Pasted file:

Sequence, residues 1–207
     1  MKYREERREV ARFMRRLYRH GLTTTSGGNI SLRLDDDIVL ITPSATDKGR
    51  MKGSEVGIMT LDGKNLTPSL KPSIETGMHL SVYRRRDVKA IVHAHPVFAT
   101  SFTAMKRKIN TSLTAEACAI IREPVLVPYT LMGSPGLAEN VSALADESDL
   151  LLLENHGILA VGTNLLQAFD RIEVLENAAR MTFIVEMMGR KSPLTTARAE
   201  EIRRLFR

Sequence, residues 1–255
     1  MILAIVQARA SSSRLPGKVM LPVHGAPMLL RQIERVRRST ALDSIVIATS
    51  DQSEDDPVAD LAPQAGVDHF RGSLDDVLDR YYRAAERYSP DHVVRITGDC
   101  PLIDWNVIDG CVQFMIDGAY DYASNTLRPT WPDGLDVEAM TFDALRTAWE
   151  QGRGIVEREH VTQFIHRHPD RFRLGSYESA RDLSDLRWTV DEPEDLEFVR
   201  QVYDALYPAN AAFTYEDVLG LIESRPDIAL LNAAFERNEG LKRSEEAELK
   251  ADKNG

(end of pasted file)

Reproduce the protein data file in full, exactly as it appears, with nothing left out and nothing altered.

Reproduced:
Sequence, residues 1–207
     1  MKYREERREV ARFMRRLYRH GLTTTSGGNI SLRLDDDIVL ITPSATDKGR
    51  MKGSEVGIMT LDGKNLTPSL KPSIETGMHL SVYRRRDVKA IVHAHPVFAT
   101  SFTAMKRKIN TSLTAEACAI IREPVLVPYT LMGSPGLAEN VSALADESDL
   151  LLLENHGILA VGTNLLQAFD RIEVLENAAR MTFIVEMMGR KSPLTTARAE
   201  EIRRLFR

Sequence, residues 1–255
     1  MILAIVQARA SSSRLPGKVM LPVHGAPMLL RQIERVRRST ALDSIVIATS
    51  DQSEDDPVAD LAPQAGVDHF RGSLDDVLDR YYRAAERYSP DHVVRITGDC
   101  PLIDWNVIDG CVQFMIDGAY DYASNTLRPT WPDGLDVEAM TFDALRTAWE
   151  QGRGIVEREH VTQFIHRHPD RFRLGSYESA RDLSDLRWTV DEPEDLEFVR
   201  QVYDALYPAN AAFTYEDVLG LIESRPDIAL LNAAFERNEG LKRSEEAELK
   251  ADKNG